The further a point corresponding to a word is from the origin, the more significant it is as a marker for spin. We can see that first-person singular pronouns, action verbs, and the exclusive word "but" dominate. The points corresponding to the other word classes are very close to the origin and play very little role.
The magenta lines indicate which direction corresponds to increased signal for each word class (e.g. increased action verbs but decreased first-person singular pronouns).
The following plot shows both speeches and words in the same plot. Although the plot is very busy and cannot be rotated to see another angle, some interesting structure is visible.
The plot helps to understand what makes each candidate different, because the word-usage patterns and the position of the speech points must agree with each other. For example, we can see that McCain's speeches get such low scores for spin mostly because he uses large numbers of first-person pronouns -- he says "I" a lot. Clinton's speeches get lowish scores for spin because they contain lots of action verbs.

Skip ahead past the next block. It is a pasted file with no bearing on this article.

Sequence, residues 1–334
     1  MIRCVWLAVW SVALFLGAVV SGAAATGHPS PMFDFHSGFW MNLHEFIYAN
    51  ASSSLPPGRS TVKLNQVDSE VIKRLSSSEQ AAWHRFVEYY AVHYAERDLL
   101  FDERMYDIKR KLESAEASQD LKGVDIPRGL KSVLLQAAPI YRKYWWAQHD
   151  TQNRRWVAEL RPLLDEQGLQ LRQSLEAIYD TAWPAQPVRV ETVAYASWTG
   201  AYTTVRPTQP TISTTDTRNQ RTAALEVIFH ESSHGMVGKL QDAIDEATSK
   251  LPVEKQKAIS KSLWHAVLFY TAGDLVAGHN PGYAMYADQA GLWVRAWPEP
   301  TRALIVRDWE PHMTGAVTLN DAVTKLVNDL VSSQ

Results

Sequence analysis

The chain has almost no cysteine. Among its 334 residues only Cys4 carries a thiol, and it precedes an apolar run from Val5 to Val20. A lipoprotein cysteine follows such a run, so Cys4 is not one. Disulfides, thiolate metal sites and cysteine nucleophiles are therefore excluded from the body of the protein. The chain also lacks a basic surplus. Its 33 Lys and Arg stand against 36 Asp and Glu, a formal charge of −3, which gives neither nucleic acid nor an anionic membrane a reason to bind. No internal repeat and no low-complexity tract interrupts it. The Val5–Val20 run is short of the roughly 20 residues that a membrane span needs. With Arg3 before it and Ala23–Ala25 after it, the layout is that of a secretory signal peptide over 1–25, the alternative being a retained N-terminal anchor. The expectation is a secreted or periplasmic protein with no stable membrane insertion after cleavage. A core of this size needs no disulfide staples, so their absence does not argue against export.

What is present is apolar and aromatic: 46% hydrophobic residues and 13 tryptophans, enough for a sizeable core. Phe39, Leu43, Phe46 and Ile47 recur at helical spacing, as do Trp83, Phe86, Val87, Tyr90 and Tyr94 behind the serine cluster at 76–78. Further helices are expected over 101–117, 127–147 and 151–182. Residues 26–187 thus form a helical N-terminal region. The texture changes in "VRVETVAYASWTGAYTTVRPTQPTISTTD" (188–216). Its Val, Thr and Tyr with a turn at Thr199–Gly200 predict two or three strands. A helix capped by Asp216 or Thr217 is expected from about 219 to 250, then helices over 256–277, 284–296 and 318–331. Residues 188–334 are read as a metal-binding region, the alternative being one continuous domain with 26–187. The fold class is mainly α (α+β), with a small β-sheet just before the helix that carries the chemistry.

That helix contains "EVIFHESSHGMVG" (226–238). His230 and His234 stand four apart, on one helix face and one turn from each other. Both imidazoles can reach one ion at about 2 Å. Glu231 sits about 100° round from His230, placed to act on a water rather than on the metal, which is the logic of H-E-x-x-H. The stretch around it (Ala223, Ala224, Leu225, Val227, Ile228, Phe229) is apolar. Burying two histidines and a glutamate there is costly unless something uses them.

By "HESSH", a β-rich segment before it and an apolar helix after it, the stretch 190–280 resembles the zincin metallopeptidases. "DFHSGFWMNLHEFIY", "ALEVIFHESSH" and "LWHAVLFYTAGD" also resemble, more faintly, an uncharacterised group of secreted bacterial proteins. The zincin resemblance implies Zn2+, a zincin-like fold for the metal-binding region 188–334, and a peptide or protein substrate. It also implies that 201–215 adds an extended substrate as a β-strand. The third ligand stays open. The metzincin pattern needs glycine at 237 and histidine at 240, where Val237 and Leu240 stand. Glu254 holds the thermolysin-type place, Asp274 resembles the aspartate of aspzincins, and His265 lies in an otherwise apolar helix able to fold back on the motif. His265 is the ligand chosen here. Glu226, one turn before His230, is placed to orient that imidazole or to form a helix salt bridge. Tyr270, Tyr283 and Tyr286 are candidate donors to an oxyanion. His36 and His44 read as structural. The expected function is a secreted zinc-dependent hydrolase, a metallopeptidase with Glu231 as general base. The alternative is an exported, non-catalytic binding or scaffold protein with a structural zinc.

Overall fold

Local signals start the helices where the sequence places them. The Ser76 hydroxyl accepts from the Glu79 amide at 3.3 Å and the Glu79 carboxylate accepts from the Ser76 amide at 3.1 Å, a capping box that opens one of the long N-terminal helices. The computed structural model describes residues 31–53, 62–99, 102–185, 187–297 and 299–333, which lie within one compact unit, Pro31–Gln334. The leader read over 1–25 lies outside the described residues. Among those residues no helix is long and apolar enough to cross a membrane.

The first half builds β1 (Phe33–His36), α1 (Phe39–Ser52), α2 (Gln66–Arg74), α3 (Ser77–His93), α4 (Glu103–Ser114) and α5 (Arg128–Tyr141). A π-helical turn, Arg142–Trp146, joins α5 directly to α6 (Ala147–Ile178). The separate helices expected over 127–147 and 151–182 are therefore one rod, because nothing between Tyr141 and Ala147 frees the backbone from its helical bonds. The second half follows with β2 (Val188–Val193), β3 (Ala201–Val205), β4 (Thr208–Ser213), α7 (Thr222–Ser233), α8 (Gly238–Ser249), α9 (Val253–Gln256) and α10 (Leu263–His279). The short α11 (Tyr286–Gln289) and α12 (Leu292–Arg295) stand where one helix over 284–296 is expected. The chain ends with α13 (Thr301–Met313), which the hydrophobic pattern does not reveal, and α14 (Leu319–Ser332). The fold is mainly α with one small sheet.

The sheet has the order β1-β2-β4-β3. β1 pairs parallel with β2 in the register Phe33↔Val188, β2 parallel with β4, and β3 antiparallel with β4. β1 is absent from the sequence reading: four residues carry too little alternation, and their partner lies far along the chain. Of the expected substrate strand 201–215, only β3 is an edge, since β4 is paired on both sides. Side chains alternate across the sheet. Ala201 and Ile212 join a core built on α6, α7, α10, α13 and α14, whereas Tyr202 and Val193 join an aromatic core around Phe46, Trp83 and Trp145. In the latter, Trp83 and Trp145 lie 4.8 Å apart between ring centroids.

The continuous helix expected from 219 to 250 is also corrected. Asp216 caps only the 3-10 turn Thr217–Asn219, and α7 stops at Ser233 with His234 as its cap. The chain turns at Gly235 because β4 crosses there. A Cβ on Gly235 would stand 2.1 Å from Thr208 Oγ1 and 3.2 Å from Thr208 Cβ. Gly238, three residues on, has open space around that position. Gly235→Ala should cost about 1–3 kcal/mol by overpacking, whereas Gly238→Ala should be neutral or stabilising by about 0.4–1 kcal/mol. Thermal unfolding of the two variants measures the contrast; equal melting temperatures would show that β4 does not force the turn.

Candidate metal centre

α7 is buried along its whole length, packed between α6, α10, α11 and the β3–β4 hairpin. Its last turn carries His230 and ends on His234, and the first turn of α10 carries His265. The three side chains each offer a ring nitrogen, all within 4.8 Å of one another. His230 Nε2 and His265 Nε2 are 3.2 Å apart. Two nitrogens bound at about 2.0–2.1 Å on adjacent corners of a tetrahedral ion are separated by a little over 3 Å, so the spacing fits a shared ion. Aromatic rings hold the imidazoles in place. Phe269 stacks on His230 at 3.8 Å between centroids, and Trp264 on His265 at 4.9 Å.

This work is an offshoot of my work in extracting mental state from text, primarily focused on counterterrorism, fraud, and other kinds of crime. More details can be found on my home page and ongoing discussion on my blog.
More details can also be found on James Pennebaker's home page.
Also see Pennebaker's blog about language in the U.S. election.
Updated March 18th: Note the increasing spin from Clinton, and the oscillation between low and high levels of spin from Obama. His spin levels have been highest recently when (a) he lost the Ohio and Texas primaries, and (b) he made his speech about race to try and settle the issue of his pastor.